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International Exhibition GC Match at Budleigh

[<<] [>>] by Elaine Marsh
7th July 2015 (GC)

Budleigh Croquet Club welcomed a true giant of the game to play in an exhibition Golf Croquet match on Monday afternoon. Chris Clarke is a winner of multiple major titles including two World Championships and has the rare distinction of having been world number 1 at both Association and Golf Croquet. Although English, he now lives in and represents New Zealand and played in the black kit of his adopted country.

The match was arranged by nineteen-year old Harry Dodge to thank his fellow Budleigh members for their support when he went to New Zealand for the Under-21 World Championship in February. Although he is only in his fifth season of competitive play, Harry has won the British Open Doubles Championship twice and is now ranked fourth in the UK and eighteenth in the world.

A large and appreciative crowd enjoyed a match of the highest quality. The average club player aims to place their ball within a yard or two of the hoop, but here both men were taking positions seven yards or more away and then running the hoops with ease. And this with the hoops set at just 1/16th of an inch wider than the balls!

The first game saw the players winning alternate hoops until Harry managed to take both the seventh and eighth hoops to give him a two-hoop advantage. Chris replied with the next two hoops but Harry succeeded at hoops 11 and 12 to take the game 7-5 in just forty minutes.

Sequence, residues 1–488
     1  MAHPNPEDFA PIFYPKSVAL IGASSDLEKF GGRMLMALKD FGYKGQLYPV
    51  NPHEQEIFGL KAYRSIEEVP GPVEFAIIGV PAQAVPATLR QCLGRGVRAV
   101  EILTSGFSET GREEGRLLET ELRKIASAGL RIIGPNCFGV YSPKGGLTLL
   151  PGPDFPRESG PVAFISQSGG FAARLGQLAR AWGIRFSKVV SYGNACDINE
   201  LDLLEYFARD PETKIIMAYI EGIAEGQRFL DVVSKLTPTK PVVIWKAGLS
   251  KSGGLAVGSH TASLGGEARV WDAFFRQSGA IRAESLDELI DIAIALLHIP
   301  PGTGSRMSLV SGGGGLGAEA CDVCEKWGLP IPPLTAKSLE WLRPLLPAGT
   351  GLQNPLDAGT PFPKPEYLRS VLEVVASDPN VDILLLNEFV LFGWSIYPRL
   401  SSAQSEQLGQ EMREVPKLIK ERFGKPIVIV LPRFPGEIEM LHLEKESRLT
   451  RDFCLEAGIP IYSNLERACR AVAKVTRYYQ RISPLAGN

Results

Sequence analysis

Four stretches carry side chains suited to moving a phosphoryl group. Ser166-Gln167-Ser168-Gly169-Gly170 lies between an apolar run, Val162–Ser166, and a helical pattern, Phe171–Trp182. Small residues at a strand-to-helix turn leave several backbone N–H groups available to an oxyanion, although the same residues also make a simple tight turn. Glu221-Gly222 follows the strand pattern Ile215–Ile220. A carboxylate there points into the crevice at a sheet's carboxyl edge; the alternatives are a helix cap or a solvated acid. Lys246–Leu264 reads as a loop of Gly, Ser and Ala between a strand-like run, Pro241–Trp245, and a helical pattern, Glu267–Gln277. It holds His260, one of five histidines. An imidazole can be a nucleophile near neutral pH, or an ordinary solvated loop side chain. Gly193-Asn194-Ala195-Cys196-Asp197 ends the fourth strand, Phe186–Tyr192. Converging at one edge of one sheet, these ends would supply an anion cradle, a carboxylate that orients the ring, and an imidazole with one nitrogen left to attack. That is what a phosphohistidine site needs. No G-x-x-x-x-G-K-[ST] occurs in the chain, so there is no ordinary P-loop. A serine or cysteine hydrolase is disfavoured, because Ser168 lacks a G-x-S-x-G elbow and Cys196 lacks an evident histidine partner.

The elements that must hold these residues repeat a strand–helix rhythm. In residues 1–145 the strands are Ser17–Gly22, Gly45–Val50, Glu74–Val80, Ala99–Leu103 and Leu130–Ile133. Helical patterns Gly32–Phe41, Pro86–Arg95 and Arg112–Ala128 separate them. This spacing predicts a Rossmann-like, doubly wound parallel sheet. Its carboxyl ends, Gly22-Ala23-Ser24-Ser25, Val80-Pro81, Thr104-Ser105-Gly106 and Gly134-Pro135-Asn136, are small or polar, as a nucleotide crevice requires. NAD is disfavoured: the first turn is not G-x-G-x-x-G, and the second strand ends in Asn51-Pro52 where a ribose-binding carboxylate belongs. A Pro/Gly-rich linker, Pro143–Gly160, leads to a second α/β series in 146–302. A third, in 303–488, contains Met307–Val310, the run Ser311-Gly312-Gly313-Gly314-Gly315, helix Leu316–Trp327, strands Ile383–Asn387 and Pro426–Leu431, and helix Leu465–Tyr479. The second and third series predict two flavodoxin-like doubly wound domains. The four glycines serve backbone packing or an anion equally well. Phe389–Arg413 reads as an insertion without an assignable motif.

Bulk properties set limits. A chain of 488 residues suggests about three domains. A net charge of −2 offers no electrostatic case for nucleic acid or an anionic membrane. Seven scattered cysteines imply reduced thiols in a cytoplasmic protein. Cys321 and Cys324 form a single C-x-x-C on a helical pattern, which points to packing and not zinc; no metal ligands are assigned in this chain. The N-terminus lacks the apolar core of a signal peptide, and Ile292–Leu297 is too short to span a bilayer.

There had already been many stunning shots from ten or twenty yards away to clear balls that were poised to run hoops, as well as occasional failed attempts at both hoops and roquets. By the second game both players had found their range and adapted to local conditions, and mistakes were fewer. Clarke took an early advantage by winning two of the first three hoops before Dodge managed to run the fifth hoop with an angled eighteen yard shot. After a lengthy tussle at hoop nine, Harry managed to pull the score back to 4-5 and then 5 all and 6-5. He needed just one more hoop to win the game and the match, while Chris needed both remaining hoops to level the score at one game all. Tactics became critically important as the natural order of things in golf croquet is for players to win alternate hoops. Clarke placed his partner ball where it would be able to promote the ball about to run hoop twelve to the playing side of the thirteenth hoop. The placement of the partner ball and the running of the hoop were achieved with pinpoint accuracy and allowed him to take the game 7-6.

In the third, Clarke went 3-0 up but only after a twenty minute battle at the third hoop that eventually ended when he ran it from the boundary seven yards away with such force that the ball ended up on the opposite boundary thirty five yards distant. Dodge again clawed the situation back by taking the next two hoops, but Clarke had other ideas. He demonstrated what World Champions are made of, as he powered to a 7-2 victory to take the match 5-7, 7-6, 7-2.

And what was the shot of the day? Was it when Clarke ran hoop 4 in the second game from a distance of 22 yards? One of the thirty yard clearances? Or Dodge's shot of at least ten yards that jumped over both of the opponents' balls to run hoop 5 in the last game? The spectators will be debating the point and dreaming of doing the same well into the future.



 

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